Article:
Advent and Christmas need the whole Holy Family.
The saint who could well be acknowledged as the most misunderstood and least appreciated may be St. Joseph. I say that first of all because a student once told me, “Poor St. Joseph! Everything is his fault! His wife is immaculately conceived and his foster son is divine, so if there’s any problem in the Holy Family, Joseph must be the one to be blame!”
I directed that student to Matthew 1:19, which described St. Joseph as a “righteous man.” The Hebrew Scriptures are replete with praise for the “righteous man” or the “just man.” Almighty God would not entrust Mary the Theotokos and the Divine Son to some random guy off the street. St. Joseph was above reproach.
Sadly, St. Joseph has been depicted artistically in a way that I believe fails to do him justice. Consider this sculpture depicting the Holy Family during their flight into Egypt. I understand the importance of the symmetry of the figures relative to the cross in the background. I’m saddened however, that St. Joseph, like the donkey, is facing away from Mary and Jesus and has no physical contact with them. One might be tempted to view this sculpture as a way of conveying that the really important figures are Mary and Jesus only, and Joseph came along just to steer the donkey. I doubt that was the sculptor’s intent, but this sculpture, and other artwork often fail to depict the human warmth and divinely-sustained devotion that St. Joseph surely had for Mary and Jesus.
In popular culture, especially in the West, husbands and fathers are often portrayed as buffoons or unreliable. Sadly, many men have abandoned or even refused to take up their responsibilities as husbands and fathers. In the United States, family courts are often biased against men. In any case, there is no doubt that fatherlessness is catastrophic for women and children.
In this context, and especially as the season of Advent moves into the season of Christmas, let’s take a closer look at the merits and message of St. Joseph, especially in his divinely-appointed role as guide, protector and provider for the Holy Family. I’d like to focus on one aspect in particular, namely, the way that St. Joseph must have regarded Our Lady.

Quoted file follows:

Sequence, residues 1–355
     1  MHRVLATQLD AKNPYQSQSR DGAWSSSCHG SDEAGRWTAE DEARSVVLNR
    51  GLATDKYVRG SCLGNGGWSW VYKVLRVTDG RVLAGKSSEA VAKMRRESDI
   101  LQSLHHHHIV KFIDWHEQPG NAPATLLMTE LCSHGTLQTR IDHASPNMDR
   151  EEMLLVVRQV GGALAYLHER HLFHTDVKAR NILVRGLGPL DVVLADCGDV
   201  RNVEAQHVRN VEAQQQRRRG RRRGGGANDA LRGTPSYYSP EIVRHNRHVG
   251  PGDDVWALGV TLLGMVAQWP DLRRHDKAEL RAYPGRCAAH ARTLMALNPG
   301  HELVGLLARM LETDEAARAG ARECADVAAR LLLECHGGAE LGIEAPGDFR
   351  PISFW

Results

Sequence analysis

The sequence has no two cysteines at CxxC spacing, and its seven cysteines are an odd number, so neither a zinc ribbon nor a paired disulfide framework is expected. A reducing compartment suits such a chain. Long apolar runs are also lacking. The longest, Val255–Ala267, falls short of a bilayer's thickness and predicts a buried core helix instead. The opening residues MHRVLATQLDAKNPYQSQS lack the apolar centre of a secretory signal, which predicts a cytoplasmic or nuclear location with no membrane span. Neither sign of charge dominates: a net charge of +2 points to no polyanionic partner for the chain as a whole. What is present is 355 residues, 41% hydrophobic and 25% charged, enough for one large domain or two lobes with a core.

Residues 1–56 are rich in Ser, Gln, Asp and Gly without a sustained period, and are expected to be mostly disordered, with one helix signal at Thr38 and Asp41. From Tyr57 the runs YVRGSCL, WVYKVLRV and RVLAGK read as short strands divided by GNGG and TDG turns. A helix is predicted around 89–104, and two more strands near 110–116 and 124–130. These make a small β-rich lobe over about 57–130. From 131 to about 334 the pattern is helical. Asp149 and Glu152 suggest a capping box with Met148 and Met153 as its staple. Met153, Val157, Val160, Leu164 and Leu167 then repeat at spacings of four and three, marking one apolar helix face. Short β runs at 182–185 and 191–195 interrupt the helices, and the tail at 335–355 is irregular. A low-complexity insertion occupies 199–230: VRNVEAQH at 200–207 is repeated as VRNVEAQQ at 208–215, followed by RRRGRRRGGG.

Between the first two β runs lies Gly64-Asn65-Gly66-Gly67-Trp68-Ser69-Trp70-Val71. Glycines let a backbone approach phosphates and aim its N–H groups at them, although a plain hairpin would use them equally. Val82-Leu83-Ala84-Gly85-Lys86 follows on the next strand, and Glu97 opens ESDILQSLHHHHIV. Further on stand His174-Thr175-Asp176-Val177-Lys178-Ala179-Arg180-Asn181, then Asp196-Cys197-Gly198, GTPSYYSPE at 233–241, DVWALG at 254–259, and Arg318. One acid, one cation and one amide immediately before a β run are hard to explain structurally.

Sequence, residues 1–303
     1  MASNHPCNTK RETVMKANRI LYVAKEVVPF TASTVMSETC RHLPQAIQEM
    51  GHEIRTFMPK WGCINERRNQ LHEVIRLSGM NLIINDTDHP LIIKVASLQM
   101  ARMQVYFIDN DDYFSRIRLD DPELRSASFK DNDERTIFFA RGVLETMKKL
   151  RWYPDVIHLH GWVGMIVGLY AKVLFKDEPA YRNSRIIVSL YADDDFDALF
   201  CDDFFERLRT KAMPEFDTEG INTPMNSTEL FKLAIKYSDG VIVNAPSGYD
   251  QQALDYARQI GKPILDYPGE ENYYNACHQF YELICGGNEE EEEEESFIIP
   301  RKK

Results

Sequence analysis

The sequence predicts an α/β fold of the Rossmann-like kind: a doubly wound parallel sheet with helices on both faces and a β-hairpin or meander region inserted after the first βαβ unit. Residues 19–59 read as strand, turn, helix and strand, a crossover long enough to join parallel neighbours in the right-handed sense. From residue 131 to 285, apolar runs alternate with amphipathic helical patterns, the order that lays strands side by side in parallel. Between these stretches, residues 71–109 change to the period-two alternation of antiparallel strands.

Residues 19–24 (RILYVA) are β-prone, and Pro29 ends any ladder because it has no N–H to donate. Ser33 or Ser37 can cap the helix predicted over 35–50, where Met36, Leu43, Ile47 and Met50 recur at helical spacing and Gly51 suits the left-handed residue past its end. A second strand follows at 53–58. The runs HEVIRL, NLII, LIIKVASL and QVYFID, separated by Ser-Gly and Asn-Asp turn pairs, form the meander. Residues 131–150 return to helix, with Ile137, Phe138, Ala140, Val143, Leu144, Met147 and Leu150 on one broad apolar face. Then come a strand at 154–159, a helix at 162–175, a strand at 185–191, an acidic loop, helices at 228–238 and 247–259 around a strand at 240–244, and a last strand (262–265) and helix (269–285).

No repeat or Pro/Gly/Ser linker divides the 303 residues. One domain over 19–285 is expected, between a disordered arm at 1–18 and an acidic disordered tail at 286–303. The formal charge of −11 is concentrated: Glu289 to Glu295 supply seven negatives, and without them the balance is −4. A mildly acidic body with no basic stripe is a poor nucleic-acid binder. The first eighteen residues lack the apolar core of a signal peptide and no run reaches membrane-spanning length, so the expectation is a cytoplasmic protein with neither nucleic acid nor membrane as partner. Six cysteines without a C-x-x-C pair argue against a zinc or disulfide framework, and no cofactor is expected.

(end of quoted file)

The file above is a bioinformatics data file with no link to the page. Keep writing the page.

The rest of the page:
One of my earliest memories is of my father coming home from work, and the first thing he would do once he got through the door was to embrace my mother. Even as a very little child, I could perceive that coming home to Mom was the high point of Dad’s day. Surely the young Jesus saw modeled for him by St. Joseph respect, reverence, love and gratitude for Mary, his wife. Wouldn’t it be desirable and edifying to portray the Holy Family as a married couple who love each other and love the child God gave them? How about something like this? Or this?
Human history is now under a cloud. The Church is undergoing a time of trial. We need men, regardless of their state in life, to rise up and become the true fathers God has called them to be. Let’s resolve to give thanks for the godly men we know who have become good fathers. Let’s resolve to teach young men who want to be fatherly men of God but don’t know how. Let’s intercede for those men who’ve failed or given up. And until the end of the Christmas season, let’s pray together this ancient prayer:
O Saint Joseph, whose protection is so great, so strong, so prompt before the throne of God, I place in thee all my interests and desires. O Saint Joseph, assist me by thy powerful intercession and obtain for me all spiritual blessings through thy foster Son, Jesus Christ Our Lord, so that, having engaged here below thy heavenly power, I may offer thee my thanksgiving and homage.
O Saint Joseph, I never weary contemplating thee and Jesus asleep in thine arms. I dare not approach while He reposes near thy heart. Press Him in my name and kiss His fine head for me, and ask Him to return the kiss when I draw my dying breath.
Saint Joseph, patron of departing souls, pray for me.
When I write next, I will offer some reflections on the Christmas season. Until then, let’s keep each other in prayer.
If you’re reading this article, it’s thanks to the generosity of people like you, who have made Aleteia possible.
Here are some numbers:
- 20 million users around the world read Aleteia.org every month
- Aleteia is published every day in eight languages: English, French, Arabic, Italian, Spanish, Portuguese, Polish, and Slovenian
- Each month, readers view more than 50 million pages
- Nearly 4 million people follow Aleteia on social media
- Each month, we publish 2,450 articles and around 40 videos
- We have 60 full time staff and approximately 400 collaborators (writers, translators, photographers, etc.)
As you can imagine, these numbers represent a lot of work. We need you.
Support Aleteia with as little as $1. It only takes a minute. Thank you!